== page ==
Privatize Air India

By Raymond E. Vickery, Jr —

Source: dustin.hackert’s flickr photostream, used under a creative commons license.

Status: Not Started, On Agenda Prime Minister Narendra Modi came to power in 2014, vowing a robust disinvestment and outright privatization program for government-owned public sector undertakings (PSUs). The flagship for this effort was to be Air India (AI). Despite multiple attempts, AI remains 100 percent owned by the government. After the landslide victory in 2019, the government has once again put on the agenda the immediate, total privatization of AI.

High Difficulty: Commercial and Political Opposition The major impediment to sale has been finding a buyer willing to purchase AI under terms and conditions that are acceptable to the government. Political opposition comes from the political and bureaucratic class which risks losing the benefits of having a national carrier. AI trade unions oppose as well.

This is the fourteenth installment in a new series of articles on the India Reforms Scorecard: 2019-2024 by the staff and experts at the Wadhwani Chair in U.S.-India Policy Studies. The series seeks to provide analysis on why reforms marked as “Incomplete” or “In Progress” have not been completed, and the impact such reforms can have on specific sectors or the economy at large.

AI has a long and storied history. Founded in 1932 as the privately-owned Tata Airlines, it was nationalized in 1953 and divided into two parts – AI for international flights and Indian Airlines for domestic operations.  In 2005, the two parts were reunited under the name Air India. With few exceptions, AI has failed to pay its way over the past 15 years. For political reasons, the airline has been saddled with uneconomic practices, including a bloated workforce and loss-making routes. Indian politicians routinely receive special treatment by the national flag carrier. These politicians are reluctant to forego their VIP perks. The government has pumped substantial funds into AI to keep it in operation. The result has been a crippling level of debt that now totals nearly  $8 billion..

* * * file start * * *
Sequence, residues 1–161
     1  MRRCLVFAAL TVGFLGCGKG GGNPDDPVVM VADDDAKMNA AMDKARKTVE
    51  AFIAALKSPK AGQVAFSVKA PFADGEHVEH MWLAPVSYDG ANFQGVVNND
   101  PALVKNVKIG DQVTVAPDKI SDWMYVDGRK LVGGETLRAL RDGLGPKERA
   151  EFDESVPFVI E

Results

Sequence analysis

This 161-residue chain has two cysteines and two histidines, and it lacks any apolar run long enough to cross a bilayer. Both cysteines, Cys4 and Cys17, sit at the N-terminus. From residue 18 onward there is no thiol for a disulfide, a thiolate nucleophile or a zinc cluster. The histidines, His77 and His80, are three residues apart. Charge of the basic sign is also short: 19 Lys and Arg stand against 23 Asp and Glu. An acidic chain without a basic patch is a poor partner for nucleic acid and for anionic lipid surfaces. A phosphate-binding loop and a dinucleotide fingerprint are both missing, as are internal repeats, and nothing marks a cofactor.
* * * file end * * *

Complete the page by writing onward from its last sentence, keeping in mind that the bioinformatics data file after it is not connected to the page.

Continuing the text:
The Modi government’s first attempt at selling off an ownership interest in AI foundered on restrictions as to whom the stake could be sold and the degree of control that might go with such a stake, as well as commercial considerations about debt. The government thought it had addressed these issues when it offered to sell 76 percent of the airline in the first few months of 2019. However, buyers were still wary of control and debt issues. No bidders came forward. This time around the government is authorizing an offer of 100 percent ownership, hiving off more than half the AI debt, and showing further flexibility on which assets a buyer can take and maintain.

The government says it wants to find a buyer in the last quarter of this fiscal year (March 31, 2020) and close the sale shortly thereafter. However, the loosened terms and conditions and accelerated time table are once again engendering political opposition. A major source of opposition comes from the trade unions that represent AI workers concerned about widespread layoffs. These unions argue that forgiveness of debt would once again make the airline economically viable.

Indian nationalists are concerned that the prestige of the country would be diminished by the national flag carrier’s sale, particularly if the sale involves foreign interests. Politicians on the left continue to decry selling off the “crown jewels” of the Indian economy. The possible diminution of political and bureaucratic officials’ air travel perks is also playing a role.

Modi government forces advocating privatization have fought back with leaks to the press pointing out that AI continues to hemorrhage cash, and implying that AI will have to be shut down by mid- 2020 if no buyer can be found.

The Modi government is committed to lessening the role of state-owned enterprises in India. This commitment is both for ideological and fiscal reasons. Moving India away from government ownership and control has always been a strand of the Modi economic philosophy. In addition, a slowing economy and increased fiscal commitments, particularly to rural voters, mean the Modi administration needs to raise cash and cut losses from inefficient PSUs. AI has long been a flagship for the privatization/disinvestment effort. If AI remains a government-owned burden, Modi’s whole privatization effort will be jeopardized.

Mr. Raymond E. Vickery, Jr is a former U.S. assistant secretary of Commerce and Senior Associate (non-resident) with the Wadhwani Chair in U.S.-India Policy Studies at CSIS.


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